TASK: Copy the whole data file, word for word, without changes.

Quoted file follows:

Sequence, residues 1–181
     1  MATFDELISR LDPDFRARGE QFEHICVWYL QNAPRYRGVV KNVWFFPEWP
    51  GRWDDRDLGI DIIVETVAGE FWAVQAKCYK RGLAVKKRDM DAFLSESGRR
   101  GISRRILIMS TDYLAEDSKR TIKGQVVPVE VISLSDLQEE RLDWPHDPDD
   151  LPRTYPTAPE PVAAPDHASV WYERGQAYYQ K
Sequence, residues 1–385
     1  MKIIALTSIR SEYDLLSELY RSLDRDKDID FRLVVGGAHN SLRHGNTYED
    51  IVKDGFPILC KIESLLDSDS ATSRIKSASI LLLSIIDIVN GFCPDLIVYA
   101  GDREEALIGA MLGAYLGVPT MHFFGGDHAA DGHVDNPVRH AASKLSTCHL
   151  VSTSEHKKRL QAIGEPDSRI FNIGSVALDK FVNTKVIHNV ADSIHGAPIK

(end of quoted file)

Sequence, residues 1–181
     1  MATFDELISR LDPDFRARGE QFEHICVWYL QNAPRYRGVV KNVWFFPEWP
    51  GRWDDRDLGI DIIVETVAGE FWAVQAKCYK RGLAVKKRDM DAFLSESGRR
   101  GISRRILIMS TDYLAEDSKR TIKGQVVPVE VISLSDLQEE RLDWPHDPDD
   151  LPRTYPTAPE PVAAPDHASV WYERGQAYYQ K
Sequence, residues 1–385
     1  MKIIALTSIR SEYDLLSELY RSLDRDKDID FRLVVGGAHN SLRHGNTYED
    51  IVKDGFPILC KIESLLDSDS ATSRIKSASI LLLSIIDIVN GFCPDLIVYA
   101  GDREEALIGA MLGAYLGVPT MHFFGGDHAA DGHVDNPVRH AASKLSTCHL
   151  VSTSEHKKRL QAIGEPDSRI FNIGSVALDK FVNTKVIHNV ADSIHGAPIK